It is interesting to note that the “leaven” or false doctrine of the church of Thyatira has contaminated three major branches of Christianity—the Roman or Western branch, the Orthodox or Eastern branch (which is essentially the Roman Catholic Church minus the papacy), and even the mainline denominations that resulted from the Reformation. All three streams feature a priesthood or high–order of clergy who dress in vestments to distinguish them from the “laity” on sight; all three practice infant baptism and claim it to be the door into the “kingdom.” While mainline denominations do not teach the blasphemy of a continual sacrifice of Christ each time the “eucharist” is observed, they maintain that it is a “sacrament” that can only be “administered” by the “clergy.” And all three streams are amillennial in their eschatology, denying the “glorious hope” of His appearing.

The Parable of the Treasure in the Field ~ The Sardis Period

In this parable, a treasure is hidden, buried in a field. To obtain the treasure, a man must purchase the entire field—or in other words, he must take a lot  that is basically worthless to obtain the thing that is worthwhile.

While the Reformation was successful in shaking off some of the more blatant heresies associated with the papacy, it retained much that obscured the supposed central teaching of sola scriptura and salvation by faith.  Keeping with the analogy suggested by the parable, it is as if these central truths are buried beneath layers of pompous ecclesiology, dead orthodox theology, and unscriptural eschatology. There is something good  there, but you really have to dig to find it.

The Parable of the Pearl of Great Price ~ The Philadelphia Period

Nearly the inverse of the previous parable, this one recounts a man who found one single pearl of such great value that he got rid of all the other “stuff” in his possession to obtain that pearl. In contrast to the previous parable, the pearl is not hidden. It is brought out in the open in plain view.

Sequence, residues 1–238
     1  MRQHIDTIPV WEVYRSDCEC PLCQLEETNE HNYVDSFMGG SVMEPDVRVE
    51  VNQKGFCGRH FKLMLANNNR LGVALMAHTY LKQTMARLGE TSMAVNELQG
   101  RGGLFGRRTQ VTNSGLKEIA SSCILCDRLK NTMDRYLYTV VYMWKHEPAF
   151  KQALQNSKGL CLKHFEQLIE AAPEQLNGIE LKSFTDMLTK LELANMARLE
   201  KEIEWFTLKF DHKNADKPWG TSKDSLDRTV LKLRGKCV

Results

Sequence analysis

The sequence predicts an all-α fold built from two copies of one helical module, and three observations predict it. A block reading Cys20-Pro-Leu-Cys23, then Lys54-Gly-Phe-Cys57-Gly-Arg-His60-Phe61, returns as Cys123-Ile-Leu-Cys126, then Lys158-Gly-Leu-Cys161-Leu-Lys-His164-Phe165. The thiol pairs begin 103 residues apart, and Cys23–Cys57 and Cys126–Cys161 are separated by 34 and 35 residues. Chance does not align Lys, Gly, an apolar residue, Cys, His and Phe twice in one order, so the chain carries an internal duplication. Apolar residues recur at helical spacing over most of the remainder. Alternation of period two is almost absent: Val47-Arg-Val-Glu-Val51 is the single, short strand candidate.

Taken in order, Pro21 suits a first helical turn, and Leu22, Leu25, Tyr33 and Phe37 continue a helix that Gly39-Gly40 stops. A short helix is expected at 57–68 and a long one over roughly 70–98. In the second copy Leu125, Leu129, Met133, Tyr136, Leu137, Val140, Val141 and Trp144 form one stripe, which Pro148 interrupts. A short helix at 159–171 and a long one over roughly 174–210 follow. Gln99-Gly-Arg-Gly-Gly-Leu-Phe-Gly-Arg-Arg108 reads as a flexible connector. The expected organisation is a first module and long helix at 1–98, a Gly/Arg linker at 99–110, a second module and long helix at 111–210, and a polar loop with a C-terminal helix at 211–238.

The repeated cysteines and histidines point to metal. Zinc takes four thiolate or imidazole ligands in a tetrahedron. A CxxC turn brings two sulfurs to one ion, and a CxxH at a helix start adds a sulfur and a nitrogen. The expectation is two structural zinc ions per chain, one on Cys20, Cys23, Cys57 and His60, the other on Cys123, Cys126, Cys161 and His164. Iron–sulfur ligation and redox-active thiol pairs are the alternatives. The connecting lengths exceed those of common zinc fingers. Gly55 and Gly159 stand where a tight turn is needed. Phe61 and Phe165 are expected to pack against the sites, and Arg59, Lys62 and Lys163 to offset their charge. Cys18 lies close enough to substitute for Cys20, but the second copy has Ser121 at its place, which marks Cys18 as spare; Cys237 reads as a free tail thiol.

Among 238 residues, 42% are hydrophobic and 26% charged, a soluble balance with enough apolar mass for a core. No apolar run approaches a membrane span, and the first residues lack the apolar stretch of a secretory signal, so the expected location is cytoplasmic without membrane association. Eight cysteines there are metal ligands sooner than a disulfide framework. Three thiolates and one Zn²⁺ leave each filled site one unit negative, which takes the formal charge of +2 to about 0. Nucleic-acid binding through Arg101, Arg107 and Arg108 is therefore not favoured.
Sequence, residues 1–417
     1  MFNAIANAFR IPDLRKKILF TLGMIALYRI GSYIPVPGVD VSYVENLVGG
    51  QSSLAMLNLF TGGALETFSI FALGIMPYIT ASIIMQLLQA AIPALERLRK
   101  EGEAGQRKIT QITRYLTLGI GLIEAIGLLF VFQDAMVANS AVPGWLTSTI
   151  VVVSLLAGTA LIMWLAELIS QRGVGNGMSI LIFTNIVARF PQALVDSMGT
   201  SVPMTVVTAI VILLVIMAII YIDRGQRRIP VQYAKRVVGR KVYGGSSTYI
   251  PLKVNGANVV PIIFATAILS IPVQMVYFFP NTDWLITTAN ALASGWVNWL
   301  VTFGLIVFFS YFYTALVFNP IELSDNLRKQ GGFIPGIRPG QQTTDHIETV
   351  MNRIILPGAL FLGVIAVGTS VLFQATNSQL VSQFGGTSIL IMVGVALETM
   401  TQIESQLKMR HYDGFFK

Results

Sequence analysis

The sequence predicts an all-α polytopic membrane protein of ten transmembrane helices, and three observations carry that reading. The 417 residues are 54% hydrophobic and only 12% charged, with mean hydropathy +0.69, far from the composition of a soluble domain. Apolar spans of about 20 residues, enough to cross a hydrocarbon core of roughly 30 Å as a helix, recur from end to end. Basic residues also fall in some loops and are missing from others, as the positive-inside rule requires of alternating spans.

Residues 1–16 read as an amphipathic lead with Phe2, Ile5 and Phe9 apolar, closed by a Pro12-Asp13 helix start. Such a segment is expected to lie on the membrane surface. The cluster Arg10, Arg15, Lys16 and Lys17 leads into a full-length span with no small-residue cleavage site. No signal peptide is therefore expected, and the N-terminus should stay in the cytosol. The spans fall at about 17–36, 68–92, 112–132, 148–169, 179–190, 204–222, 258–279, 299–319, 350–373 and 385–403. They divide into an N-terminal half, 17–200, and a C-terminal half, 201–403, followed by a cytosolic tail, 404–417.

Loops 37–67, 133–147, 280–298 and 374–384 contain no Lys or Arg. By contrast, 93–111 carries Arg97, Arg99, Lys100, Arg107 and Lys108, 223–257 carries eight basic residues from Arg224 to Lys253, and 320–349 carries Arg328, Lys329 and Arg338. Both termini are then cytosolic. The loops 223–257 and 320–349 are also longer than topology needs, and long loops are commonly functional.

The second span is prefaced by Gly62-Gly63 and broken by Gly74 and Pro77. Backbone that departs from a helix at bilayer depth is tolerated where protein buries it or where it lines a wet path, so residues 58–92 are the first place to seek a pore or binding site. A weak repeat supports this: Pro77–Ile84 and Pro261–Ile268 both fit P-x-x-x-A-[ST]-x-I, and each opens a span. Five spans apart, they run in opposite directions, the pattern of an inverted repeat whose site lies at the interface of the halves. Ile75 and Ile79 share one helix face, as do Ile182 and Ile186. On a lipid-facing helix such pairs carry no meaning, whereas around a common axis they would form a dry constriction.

The “brethren” of the Philadelphia period sought only one thing—the Lord Jesus Himself. They sought Him through the Word of God and through sincere spiritual fellowship with each other. They “sold” everything that did not, could not, bring them into a closer relationship with the Lord and a clearer understanding of the Word of God. They abandoned church buildings, altars, pulpits, clergymen, the liturgy, the church calendar, robes and vestments, infant baptism, and the accumulated theological wrestling and wrangling of more than a millennia. They found none of these things to be of the slightest value compared to the one goodly pearl they had found in the fellowship of the Lord and His Body.

The Lord Jesus—as Savior of all mankind. The Lord Jesus—as the very Word of God, who is Truth Incarnate. The Lord Jesus—the Soon and Coming of King who will sit in the seat of His father David to rule over all the earth just as He promised. It was the single-minded devotion to the Lord Jesus and the Lord Jesus alone that drove and motivated the Brethren to go into all the world with the Gospel, to proclaim His Truth, to publish tracts and books on His soon coming, to lift up and magnify their Lord above all else—in simplicity and truth. A Pearl of Great Price, indeed!